Director General's Report to Council
for February 2022

by Cindy Finn, Director General, LBPSB

Each month in the Director General’s report, I bring news of what is happening throughout our school board with a view to highlighting the accomplishments of our schools and centres and celebrating the individual and collective achievements within our community. Each and every day, good things are happening in our learning spaces that are worthy of our attention and praise. Every month I typically share those things, for I am proud of what we are building together – a culture that is based on our stated values of community, respect, integrity, innovation, and inclusion.
However, this month I wish to reflect on some hard lessons that the last two years, generally, and the last two weeks, specifically, have presented to us.
Our classrooms and staff rooms and indeed all of our spaces are filled with people. Human beings who have all gathered for the purposes of teaching and learning. We are all constantly learning and growing in community. When there is a happy event and a celebration, we all rejoice in that success. But when there is a tragic event and a loss, we are called to reflect, remember, and ask ourselves some difficult questions.
The events of last February 8th forever altered a number of people’s lives. That one of our secondary students lost his life in a tragic and senseless act of violence has shaken all of us. We offer our deepest condolences to Lucas Gaudet’s family and friends, for they are mourning a young man they loved dearly. Across our system, there is grief over a student lost, a life tragically cut short.
The aftermath of this confrontation that was witnessed by hundreds of youth either virtually or on site is still being felt. We remain in varying states of shock, sadness, anger and confusion. Our students and the adults around them – staff, parents, community members – are still trying to make sense of an event that by its very nature is incomprehensible.
We are still seeking to understand the series of events that culminated in injury and loss of life. We are collaborating with police, we are deploying our mental health professionals to help move us through this acute phase of pain and suffering, and we are working with external partners to ensure that we are responding the best way we can. All of these efforts mean we are still in acute response mode and cannot offer detailed answers to many of the questions being asked.
What I can state is what we all know to be true: violence in all forms, verbal or physical, is not acceptable. We cannot use aggression as a means of resolving conflicts and disputes because violence is not the answer. It solves nothing and only engenders more distress and violence. That holds true whether we are in a school classroom, hallway, cafeteria or on a street, at the arena, or a shopping mall.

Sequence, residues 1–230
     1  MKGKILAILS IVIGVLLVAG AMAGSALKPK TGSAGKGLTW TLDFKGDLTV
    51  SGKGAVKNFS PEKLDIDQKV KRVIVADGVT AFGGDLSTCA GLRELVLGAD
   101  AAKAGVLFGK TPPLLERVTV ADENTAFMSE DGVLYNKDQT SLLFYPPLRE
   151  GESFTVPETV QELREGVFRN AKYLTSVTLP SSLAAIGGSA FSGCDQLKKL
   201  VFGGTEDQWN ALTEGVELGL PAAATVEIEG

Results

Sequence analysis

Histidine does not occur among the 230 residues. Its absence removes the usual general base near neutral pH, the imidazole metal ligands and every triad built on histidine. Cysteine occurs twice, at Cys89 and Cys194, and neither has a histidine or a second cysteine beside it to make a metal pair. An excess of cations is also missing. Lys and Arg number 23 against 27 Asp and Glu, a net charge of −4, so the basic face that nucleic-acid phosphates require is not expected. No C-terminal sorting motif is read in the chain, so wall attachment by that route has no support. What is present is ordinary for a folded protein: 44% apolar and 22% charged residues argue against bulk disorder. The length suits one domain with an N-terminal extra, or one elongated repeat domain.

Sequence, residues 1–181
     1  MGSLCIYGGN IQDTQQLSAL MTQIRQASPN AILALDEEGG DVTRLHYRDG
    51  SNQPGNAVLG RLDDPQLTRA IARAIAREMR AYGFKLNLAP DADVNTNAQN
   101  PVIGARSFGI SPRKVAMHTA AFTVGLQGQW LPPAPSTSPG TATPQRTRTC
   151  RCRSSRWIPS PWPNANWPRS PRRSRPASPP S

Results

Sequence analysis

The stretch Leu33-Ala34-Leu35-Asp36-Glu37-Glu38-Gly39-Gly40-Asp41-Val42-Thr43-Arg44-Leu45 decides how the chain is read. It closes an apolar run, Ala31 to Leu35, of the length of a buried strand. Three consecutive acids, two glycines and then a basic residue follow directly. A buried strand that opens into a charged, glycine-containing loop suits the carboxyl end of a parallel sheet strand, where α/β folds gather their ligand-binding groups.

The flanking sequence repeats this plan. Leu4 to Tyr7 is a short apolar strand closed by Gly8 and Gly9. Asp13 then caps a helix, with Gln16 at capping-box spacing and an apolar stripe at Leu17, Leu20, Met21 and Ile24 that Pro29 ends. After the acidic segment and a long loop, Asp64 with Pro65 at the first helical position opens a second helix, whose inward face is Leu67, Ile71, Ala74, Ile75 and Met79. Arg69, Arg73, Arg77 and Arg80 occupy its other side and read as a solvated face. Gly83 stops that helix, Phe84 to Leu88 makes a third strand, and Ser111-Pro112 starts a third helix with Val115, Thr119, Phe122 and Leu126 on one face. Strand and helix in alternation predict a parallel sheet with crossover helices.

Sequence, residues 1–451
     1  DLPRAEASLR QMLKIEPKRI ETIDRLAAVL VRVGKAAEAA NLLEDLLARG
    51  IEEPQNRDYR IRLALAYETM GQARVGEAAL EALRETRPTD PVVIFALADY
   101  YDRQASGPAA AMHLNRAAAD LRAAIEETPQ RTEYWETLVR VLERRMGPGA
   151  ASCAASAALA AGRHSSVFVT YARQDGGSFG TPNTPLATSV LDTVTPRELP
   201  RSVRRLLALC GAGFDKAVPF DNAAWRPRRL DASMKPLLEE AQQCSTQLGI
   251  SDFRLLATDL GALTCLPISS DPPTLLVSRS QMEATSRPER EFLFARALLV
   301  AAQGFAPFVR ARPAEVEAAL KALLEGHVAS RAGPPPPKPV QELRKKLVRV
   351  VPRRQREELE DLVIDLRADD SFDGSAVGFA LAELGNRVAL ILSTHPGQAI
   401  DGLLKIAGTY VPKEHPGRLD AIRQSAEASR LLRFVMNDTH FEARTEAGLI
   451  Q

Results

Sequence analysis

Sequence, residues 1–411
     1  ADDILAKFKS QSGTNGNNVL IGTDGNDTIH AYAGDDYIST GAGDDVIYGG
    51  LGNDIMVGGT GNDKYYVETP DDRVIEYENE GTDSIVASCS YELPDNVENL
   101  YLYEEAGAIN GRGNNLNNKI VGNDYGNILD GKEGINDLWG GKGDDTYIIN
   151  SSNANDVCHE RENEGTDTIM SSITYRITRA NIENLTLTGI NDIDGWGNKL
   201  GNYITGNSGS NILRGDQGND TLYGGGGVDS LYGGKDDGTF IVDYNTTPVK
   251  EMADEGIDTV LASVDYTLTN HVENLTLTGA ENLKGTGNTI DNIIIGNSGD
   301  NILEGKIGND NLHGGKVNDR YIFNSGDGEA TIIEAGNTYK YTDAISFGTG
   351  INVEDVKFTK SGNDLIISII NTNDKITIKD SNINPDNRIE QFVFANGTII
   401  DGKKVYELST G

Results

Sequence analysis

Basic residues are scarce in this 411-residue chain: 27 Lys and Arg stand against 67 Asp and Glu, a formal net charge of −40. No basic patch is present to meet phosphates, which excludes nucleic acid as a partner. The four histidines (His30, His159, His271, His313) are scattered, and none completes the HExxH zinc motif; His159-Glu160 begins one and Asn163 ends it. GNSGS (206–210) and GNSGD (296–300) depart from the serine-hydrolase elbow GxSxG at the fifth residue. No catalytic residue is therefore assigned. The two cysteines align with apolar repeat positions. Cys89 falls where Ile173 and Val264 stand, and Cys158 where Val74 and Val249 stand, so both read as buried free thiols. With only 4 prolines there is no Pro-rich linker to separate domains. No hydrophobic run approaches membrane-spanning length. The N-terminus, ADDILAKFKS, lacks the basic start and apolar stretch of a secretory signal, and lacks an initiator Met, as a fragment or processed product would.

What I can also say is that we must work together in seeking answers to those questions. This working together calls on all stakeholders – students, staff, parents, law enforcement and community partners – to truly collaborate and seek solutions to problems that exist beyond the walls of a school, the hallway of a centre, or the corners of a playground.
We have seen an increase in violence in our community over the last several months and when I say our community I am not talking about Lester B. Pearson. I am referring to the larger context, beyond our schools and centres. I am not only referring to children and youth, I am also referring to how adults treat each other. Human beings have an enormous capacity for love and kindness, but we can also inflict harm with our words and actions.
More and more, we read about violent events reported in the media, we hear more concern being expressed about mental health concerns. It is even more distressing when these issues reveal themselves in our community, among our students. Violence is a social ill we all wish to see eliminated, but a reduction in verbal and physical aggression requires constant attention, vigilance, and concerted effort from everyone. The circumstances of the last two years – the fear, the isolation, and the frustrations associated with COVID-19 – have only amplified existing problems.
We have stated before that we wish to see our learning spaces be more welcoming, safe and inclusive. That commitment is more important than ever. We will continue to deploy the resources we have toward building kinder and caring spaces, to helping our students with their personal and social-emotional development. We will continue to work at finding new and effective ways to address violence in all forms. A 2-day event is being held February 24 and March 31 which has been organized by the SVPM and the City of Montreal – le forum Montréalais pour la lutte contre la violence armée, s’unir pour la jeunesse. This forum will address the problem of youth violence, and I will be there to represent Lester B. Pearson and reaffirm our commitment to work with community and civic leaders on this important topic.
I join with Chair Kelley in saying this is work that will involve all of us. We need to bring our energies together and work toward constructive actions that benefit our students. We need to focus on solutions that move us away from aggression and violence towards prosocial and caring ways of being. Our students deserve no less.

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